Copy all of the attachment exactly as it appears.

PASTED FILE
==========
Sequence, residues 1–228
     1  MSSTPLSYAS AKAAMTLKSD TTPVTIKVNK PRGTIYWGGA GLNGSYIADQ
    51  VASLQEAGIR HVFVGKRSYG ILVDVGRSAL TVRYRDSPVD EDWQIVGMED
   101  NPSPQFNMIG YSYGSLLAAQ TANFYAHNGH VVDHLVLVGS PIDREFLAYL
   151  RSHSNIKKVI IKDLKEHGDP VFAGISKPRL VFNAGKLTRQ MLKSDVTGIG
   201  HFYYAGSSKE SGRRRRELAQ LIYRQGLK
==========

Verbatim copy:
Sequence, residues 1–228
     1  MSSTPLSYAS AKAAMTLKSD TTPVTIKVNK PRGTIYWGGA GLNGSYIADQ
    51  VASLQEAGIR HVFVGKRSYG ILVDVGRSAL TVRYRDSPVD EDWQIVGMED
   101  NPSPQFNMIG YSYGSLLAAQ TANFYAHNGH VVDHLVLVGS PIDREFLAYL
   151  RSHSNIKKVI IKDLKEHGDP VFAGISKPRL VFNAGKLTRQ MLKSDVTGIG
   201  HFYYAGSSKE SGRRRRELAQ LIYRQGLK